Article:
Liberating for some, yet tyrannical to so many, the ideology of industrial economism is the epitome of scientific rationalism. Thriving on competition and adversity this ideology is bent on the wilful destruction of our most fundamental needs – affiliation, kindness, friendship, gratitude and love.

We are disinclined to admit this fracture in the human story for fear of appearing weak or foolish. Consequently this system, recently branded disaster capitalism by activist Naomi Klien, is entrenched within our daily routines to such an extent that we are totally blind to alternatives. Our capacity to pursue a different direction is thus drastically curtailed. It is like inviting a fish to swim without water or a bird to fly without air. So our penchant is to linger as long as we can, addicted to a desire to consume more and more stuff, and seldom concerned that the future we have set in motion and which we embrace with so much zeal will probably destroy more than it can ever hope to create.

The fact is we have spawned a civilisational apocalypse – one that continues to deliver the illusion of increasing health and well-being even as it gnaws away at our collective soul and the resources we need to prosper. Safeguarded by a relatively small number of influential individuals, corporations and financiers, all of whom extract enormous personal wealth from their activities and are therefore disinclined to change their minds, industrial economism is the most terrifying of legacies we are bequeathing to our youth. Why? Because nobody can grasp the full impact of its end-game. We can only guess.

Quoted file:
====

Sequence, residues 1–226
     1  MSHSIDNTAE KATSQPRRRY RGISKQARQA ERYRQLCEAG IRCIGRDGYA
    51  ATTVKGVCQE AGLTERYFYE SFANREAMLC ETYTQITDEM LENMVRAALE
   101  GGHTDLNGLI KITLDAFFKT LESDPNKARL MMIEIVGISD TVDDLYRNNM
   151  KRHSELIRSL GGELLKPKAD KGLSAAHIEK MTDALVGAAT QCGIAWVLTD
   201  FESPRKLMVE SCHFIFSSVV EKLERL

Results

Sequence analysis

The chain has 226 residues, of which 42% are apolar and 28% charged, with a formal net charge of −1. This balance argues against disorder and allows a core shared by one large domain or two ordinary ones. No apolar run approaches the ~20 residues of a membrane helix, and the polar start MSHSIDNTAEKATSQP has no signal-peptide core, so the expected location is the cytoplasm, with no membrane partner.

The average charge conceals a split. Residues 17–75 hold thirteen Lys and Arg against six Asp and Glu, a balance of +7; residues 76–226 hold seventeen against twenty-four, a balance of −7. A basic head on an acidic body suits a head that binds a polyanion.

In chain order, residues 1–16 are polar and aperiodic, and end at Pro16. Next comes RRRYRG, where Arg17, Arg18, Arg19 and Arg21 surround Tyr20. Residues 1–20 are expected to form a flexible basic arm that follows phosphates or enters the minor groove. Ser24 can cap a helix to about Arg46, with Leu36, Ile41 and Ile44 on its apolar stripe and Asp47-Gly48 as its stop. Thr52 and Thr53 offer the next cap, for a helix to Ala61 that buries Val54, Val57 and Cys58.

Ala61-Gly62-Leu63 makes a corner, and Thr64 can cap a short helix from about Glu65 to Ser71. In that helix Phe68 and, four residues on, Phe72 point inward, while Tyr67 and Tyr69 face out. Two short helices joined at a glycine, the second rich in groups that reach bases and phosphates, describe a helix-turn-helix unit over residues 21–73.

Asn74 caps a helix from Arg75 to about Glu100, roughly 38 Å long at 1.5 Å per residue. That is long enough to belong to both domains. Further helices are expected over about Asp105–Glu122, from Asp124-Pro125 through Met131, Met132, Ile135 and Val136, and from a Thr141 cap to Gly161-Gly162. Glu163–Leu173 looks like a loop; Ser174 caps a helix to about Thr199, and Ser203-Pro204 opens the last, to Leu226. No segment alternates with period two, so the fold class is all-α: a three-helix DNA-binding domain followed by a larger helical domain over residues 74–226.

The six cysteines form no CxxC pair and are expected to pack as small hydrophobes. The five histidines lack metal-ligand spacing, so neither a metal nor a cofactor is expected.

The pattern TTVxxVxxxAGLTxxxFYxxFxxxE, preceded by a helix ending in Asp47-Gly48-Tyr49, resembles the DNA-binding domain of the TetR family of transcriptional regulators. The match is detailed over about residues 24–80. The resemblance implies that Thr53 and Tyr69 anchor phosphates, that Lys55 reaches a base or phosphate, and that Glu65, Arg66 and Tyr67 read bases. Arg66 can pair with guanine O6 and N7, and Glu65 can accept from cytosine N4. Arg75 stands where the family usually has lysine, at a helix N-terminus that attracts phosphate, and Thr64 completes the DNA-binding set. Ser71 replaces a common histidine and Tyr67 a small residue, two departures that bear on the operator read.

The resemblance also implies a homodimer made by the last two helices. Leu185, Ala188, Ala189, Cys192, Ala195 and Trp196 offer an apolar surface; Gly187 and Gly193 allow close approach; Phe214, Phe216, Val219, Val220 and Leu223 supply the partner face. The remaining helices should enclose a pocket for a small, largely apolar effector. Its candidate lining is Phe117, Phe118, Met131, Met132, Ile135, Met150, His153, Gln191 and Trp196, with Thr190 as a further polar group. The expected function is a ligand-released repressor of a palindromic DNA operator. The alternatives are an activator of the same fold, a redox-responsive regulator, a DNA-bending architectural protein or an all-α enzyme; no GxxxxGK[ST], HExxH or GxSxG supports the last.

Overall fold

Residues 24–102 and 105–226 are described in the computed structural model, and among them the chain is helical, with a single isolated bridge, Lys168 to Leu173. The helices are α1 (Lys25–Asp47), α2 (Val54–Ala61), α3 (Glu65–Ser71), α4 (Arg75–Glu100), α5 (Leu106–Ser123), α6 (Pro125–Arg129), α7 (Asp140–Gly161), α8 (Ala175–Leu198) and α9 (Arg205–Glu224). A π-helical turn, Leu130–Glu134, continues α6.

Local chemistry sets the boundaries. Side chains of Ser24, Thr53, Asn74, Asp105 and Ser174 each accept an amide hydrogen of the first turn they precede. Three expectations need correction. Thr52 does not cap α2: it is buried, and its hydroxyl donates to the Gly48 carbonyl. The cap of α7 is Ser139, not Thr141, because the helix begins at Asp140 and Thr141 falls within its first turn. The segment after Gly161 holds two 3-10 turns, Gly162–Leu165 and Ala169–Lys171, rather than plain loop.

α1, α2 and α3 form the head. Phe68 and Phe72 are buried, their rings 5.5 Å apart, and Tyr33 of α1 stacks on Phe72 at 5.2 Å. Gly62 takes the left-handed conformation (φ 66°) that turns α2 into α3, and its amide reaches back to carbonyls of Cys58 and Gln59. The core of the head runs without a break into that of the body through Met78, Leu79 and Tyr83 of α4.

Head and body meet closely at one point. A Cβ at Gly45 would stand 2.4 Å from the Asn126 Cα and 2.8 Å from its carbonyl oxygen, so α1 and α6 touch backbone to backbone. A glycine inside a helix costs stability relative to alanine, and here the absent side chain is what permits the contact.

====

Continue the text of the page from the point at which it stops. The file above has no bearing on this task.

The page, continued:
What we do know is that while many human beings suffer from starvation, oppression and various forms of deprivation, from which escape seems barely possible, the rest of us live in relative luxury – enjoying a vicarious existence by embracing an assortment of diversions in the hope they will distract us from a reality we cannot bear to confront.

Let us speak the truth as if it mattered and cannot be tainted by self-interest or ignorance. The human race is on a destructive path. We are forcing changes to Earth’s biophysical systems with unparalleled power and at an unprecedented rate. In spite of this it is highly unlikely there will be a single devastating tragedy that brings us to our senses. Our ruin is advancing by stealth.

This was not the plan. There were no predetermined intentions – no divine power perched in the heavens declaring an inevitable outcome for our species. There is no elitist-led conspiracy, not even an alien life-form manipulating events for its own evil ends. On the contrary we have nobody to blame but ourselves. We chose the path and what we created is entirely of our own making. We are our own worst enemy. The sad irony is that much of what we have created has been astonishingly enriching and beneficial.

The power of language and scientific invention, for example, opened up possibilities that are unavailable to other species. But an inherent flaw in human nature meant we were oblivious to unintended consequences. Behaving as if omnipotent, we willingly engineered a path to self-destruction and are now stumbling towards an end-game that we could still avoid.

But we are doing nothing to alter our course. In some ways we seem to be embracing our demise with the kind of insane euphoria observed during the collapse of empires.

“We have stopped caring for each other to the extent that our lives have become one prolonged saga of narcissistic preening and of proving ourselves better than our neighbours.”